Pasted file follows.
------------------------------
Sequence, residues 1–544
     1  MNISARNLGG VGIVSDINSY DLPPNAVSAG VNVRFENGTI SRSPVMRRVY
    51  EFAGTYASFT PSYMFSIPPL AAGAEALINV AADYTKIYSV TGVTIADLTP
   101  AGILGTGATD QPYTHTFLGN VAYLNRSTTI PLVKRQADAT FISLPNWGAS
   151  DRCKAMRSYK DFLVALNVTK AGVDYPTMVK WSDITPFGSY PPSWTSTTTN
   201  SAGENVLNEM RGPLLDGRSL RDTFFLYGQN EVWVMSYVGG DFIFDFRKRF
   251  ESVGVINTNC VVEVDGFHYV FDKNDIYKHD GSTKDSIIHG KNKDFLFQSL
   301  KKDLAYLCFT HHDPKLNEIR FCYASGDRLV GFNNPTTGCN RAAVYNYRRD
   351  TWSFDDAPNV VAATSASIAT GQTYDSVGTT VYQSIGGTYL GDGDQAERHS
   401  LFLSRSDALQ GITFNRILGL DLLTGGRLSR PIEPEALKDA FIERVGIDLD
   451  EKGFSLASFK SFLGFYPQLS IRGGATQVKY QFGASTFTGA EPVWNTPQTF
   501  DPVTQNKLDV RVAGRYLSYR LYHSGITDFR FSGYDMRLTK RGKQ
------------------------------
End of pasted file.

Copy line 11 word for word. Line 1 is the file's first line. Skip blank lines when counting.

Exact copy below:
   451  EKGFSLASFK SFLGFYPQLS IRGGATQVKY QFGASTFTGA EPVWNTPQTF